Professors, after all, have paid health care and retirement benefits. If they are tenured, they have rock-solid job protection. And most of them have flexible work schedules.  I don’t think there is one tenured professor out of ten who goes to the office on Friday or shows up at work before 10 AM on a Monday morning.

As for all that neglected research and publishing that Editor McMillen mentioned, I'm not buying it. 

First of all, a lot of stuff gets published that is totally worthless except as a stepping stone to tenure. We could save thousands of trees if the professors published less--especially the professors in education and the soft-science fields.

In any event, I'm not convinced that the pandemic has slowed down productive research that much.  Admittedly, some researchers must do their work in laboratories or the field. The coronavirus probably impedes their progress.

But what prevents a professor from going to work on the book that's perpetually described as "in progress"? After all, a lot of profs are teaching at home in their pajamas. Maybe there's a little time for writing during the day instead of watching The View. Whoopi's not going to help you write that bestseller.

In short, esteemed scholars, stop your whining. 

Despite what you might think from reading The Chronicle of Higher Education’s special issue on professor burnout—it’s not all about you.




Monday, January 25, 2021

Neal v. Navient Solutions: A simple student-loan dispute ends up in 12 years of litigation

 Trey Neal took out a private student loan with JP Morgan Chase Bank in 2008.  Neal and Chase signed a promissory note agreeing that interest on the loan would be governed by Ohio law. 

Later, Neal concluded that he was being charged interest at a higher rate than Ohio allowed.  So he sued Chase for damages.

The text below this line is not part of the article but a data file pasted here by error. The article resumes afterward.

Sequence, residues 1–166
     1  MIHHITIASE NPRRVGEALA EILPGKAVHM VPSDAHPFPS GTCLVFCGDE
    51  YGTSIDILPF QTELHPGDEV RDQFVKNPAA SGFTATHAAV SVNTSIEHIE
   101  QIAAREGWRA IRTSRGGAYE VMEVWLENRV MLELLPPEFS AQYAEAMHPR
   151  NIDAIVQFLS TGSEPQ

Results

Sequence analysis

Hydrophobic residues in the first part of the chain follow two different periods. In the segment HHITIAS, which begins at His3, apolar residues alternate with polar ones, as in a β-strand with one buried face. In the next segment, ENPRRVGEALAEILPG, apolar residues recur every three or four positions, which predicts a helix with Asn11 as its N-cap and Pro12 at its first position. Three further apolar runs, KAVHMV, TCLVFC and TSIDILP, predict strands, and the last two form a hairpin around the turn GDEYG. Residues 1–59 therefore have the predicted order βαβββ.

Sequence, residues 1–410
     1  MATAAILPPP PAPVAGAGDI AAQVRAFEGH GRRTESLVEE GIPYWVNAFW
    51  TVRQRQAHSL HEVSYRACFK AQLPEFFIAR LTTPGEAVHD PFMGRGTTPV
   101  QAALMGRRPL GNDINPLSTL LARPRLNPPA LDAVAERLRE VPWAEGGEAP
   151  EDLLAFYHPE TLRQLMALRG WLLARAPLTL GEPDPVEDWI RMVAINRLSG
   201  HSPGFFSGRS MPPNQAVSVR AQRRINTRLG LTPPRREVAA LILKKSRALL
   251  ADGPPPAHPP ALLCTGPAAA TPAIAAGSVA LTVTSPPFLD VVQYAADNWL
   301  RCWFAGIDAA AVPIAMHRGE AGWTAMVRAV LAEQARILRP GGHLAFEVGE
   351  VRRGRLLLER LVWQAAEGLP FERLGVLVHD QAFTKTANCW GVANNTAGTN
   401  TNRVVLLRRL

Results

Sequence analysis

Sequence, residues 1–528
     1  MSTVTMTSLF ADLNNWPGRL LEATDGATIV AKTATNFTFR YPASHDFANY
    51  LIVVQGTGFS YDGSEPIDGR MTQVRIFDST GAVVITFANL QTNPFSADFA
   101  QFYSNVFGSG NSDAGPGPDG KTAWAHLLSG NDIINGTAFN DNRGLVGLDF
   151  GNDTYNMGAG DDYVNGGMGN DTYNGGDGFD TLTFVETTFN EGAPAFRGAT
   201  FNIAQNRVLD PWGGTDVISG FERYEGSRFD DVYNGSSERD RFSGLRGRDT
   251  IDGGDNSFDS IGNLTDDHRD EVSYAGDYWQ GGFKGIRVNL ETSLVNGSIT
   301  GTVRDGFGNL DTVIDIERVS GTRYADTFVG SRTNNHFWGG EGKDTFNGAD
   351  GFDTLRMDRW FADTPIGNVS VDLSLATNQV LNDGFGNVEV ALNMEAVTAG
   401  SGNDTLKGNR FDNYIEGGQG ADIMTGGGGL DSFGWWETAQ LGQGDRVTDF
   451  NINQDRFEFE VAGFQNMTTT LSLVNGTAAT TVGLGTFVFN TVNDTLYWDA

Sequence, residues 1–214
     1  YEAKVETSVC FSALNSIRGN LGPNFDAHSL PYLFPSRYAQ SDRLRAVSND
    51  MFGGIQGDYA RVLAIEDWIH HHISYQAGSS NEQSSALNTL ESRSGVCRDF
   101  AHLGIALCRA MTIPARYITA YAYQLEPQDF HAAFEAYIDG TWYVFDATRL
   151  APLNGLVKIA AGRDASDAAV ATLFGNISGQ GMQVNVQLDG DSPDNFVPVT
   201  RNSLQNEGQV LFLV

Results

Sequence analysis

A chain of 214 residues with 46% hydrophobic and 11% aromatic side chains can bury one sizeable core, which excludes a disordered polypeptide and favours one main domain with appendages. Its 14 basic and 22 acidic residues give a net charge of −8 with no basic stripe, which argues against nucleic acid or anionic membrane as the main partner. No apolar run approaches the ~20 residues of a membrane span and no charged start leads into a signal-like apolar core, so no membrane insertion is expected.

Mr. Neal ran into two problems in getting this dispute resolved. First, he had difficulty determining the proper party to sue.

Chase sold Neal's loan to Jamestown Funding Trust, which assumed Chase's interest in the loan. Jamestown is "related" to Navient Credit Finance, an affiliate of Navient Solutions. Navient Solutions then became Neal's loan servicer. Apparently, Neal was uncertain about who owned the loan because he dropped Chase from the lawsuit and added four Navient entities as defendants to his suit.

Neal's lawsuit had a second problem: he had agreed to arbitrate any dispute over his student loan rather than litigate.

The Navient entities asked a federal court to order Neal to arbitrate his claim under Neal's credit agreement with Chase. A federal district court rejected Navient's request, concluding Navient did not have the legal right to enforce the arbitration clause.

But Navient appealed that decision to the Eighth Circuit Court of Appeals, which reversed the lower court's decision.  The appellate court ruled that Navient did have the right to compel arbitration under Ohio law. So Neal must submit his interest-rate complaint to an arbitrator, and Neal will probably be required to pay half the arbitrator's fees to get the matter resolved. 

A couple of points. First, Neal's complaint about the interest he was charged on his loan is a simple dispute, but it wound up before a federal appellate court that did not rule until 12 years after Neal took out his loan.

Second, Neal's private student loan became ensnared in a web of entities: 1) Chase Bank, 2) Jamestown Funding Trust, 3) Navient Solutions, 4) Navient Corporation, and 5) Navient Credit Finance Corporation, and Navient Private Loan Trust. No wonder Neal had trouble figuring out whom he was dealing with.

So Mr. Neal must submit his complaint to arbitration. 

One thing seems sure. Whether Mr. Neal wins or loses, his transaction costs will likely be far greater than the sum of money at stake. 

Thus, Neal v. Navient Solution teaches us all this message: Don't mess with the student-loan industry because it won't be worth your while.

References

Neal v. Navient Solutions, LLC, 978 F.3d 572 (8th Cir. 2020).



Sunday, January 24, 2021

The Public Service Loan Forgiveness Program is a bureaucratic nightmare, and litigation hasn't helped